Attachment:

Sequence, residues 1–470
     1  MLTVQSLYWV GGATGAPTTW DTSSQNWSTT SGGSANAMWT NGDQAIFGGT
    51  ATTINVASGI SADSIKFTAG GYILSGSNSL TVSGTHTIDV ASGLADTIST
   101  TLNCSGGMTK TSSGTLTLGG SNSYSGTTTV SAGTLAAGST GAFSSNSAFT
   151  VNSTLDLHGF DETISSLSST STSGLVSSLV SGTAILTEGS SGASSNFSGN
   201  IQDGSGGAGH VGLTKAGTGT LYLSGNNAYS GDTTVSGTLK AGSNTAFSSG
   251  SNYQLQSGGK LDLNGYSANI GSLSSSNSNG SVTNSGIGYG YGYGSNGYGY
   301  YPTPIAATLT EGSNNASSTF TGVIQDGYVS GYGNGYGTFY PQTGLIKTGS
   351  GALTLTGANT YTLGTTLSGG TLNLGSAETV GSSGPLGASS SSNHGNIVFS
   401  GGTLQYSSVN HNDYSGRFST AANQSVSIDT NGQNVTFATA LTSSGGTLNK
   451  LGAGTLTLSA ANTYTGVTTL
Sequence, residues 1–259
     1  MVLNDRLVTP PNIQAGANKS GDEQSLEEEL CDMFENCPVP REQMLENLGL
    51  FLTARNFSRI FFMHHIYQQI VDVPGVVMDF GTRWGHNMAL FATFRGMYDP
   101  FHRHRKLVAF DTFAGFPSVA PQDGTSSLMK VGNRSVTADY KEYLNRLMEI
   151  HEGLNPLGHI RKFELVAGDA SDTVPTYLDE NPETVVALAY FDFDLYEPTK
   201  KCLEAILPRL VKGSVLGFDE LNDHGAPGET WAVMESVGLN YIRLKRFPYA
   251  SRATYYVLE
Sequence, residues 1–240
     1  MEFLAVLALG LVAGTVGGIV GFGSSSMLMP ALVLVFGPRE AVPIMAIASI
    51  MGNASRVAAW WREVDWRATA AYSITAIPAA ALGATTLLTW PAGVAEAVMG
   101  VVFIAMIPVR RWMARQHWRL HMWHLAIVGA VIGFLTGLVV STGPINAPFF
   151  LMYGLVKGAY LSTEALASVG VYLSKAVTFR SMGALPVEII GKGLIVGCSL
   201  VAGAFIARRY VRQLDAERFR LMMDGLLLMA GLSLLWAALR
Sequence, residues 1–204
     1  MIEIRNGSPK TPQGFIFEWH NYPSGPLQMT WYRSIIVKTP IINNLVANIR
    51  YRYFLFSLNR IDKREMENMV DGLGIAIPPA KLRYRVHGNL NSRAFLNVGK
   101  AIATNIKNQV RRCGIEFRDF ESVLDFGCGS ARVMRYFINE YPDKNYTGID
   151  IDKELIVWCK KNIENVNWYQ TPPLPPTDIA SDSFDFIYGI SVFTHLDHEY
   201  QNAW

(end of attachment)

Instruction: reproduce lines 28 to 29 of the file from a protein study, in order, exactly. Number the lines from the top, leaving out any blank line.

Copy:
   101  AIATNIKNQV RRCGIEFRDF ESVLDFGCGS ARVMRYFINE YPDKNYTGID
   151  IDKELIVWCK KNIENVNWYQ TPPLPPTDIA SDSFDFIYGI SVFTHLDHEY